Always late? You may perceive time differently

Always late? You may perceive time differently

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You hear us, late people? Buy a watch! Set an alarm! Show the world some respect! Here is a sampling of what folks have to say to the chronologically challenged:

  • "If you're trying to be there on time, get up early."
  • "Be prompt."
  • "And if you're not going to be, text people ahead of time not after you're supposed to be there."
  • "Don't do it. It's aggravating and disrespectful and rude."

But now just when we're feeling really good about ripping that schedule-bungler who doesn't give a flying clock about making us wait, science shows up and tells us it's possible our tardy friends can't help it.

"Very often it's somebody who's just really self-involved," said Dr. Robi Ludwig. "It may not be in a mean way. It's just in a non-thinking kind of way."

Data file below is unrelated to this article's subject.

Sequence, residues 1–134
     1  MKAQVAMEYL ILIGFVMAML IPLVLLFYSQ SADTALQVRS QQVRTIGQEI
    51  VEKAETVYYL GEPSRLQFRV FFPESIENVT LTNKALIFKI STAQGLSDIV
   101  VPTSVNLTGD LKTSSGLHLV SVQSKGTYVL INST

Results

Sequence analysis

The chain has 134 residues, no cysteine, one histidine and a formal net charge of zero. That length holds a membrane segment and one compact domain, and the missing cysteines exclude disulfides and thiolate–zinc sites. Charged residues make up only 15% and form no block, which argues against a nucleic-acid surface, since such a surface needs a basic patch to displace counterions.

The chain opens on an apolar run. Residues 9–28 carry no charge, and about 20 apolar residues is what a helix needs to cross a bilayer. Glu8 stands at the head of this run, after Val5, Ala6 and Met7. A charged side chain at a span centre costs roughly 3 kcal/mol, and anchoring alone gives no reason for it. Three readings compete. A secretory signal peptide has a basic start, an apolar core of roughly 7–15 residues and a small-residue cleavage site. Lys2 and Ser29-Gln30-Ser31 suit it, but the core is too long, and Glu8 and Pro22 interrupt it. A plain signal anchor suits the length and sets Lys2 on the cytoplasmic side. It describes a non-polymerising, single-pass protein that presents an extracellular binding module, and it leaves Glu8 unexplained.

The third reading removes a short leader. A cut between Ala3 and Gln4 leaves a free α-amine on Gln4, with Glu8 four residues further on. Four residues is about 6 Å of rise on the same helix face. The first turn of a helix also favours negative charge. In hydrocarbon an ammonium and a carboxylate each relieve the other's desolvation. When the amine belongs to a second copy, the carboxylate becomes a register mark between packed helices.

Ludwig said some chronically late people actually perceive time differently than the rest of us.

"Many times it's just somebody not understanding what it takes to get from one place to another," she said.

So when you check your watch, realize you need to hustle and then pull a hammy getting to work on time. A coworker on the same schedule may glance down and say: 'Oh, I've got time to grab a coffee.'

"I don't know why someone in the past would've been more timely than currently," Ludwig said.

So no, when they were our age our forefathers weren't actually late if they weren't five minutes early.

Over-bookers, the easily distracted, and those armed with a different excuse for every tardy minute have tormented humans forever. That means they may never face our scoldings because they haven't arrived yet.

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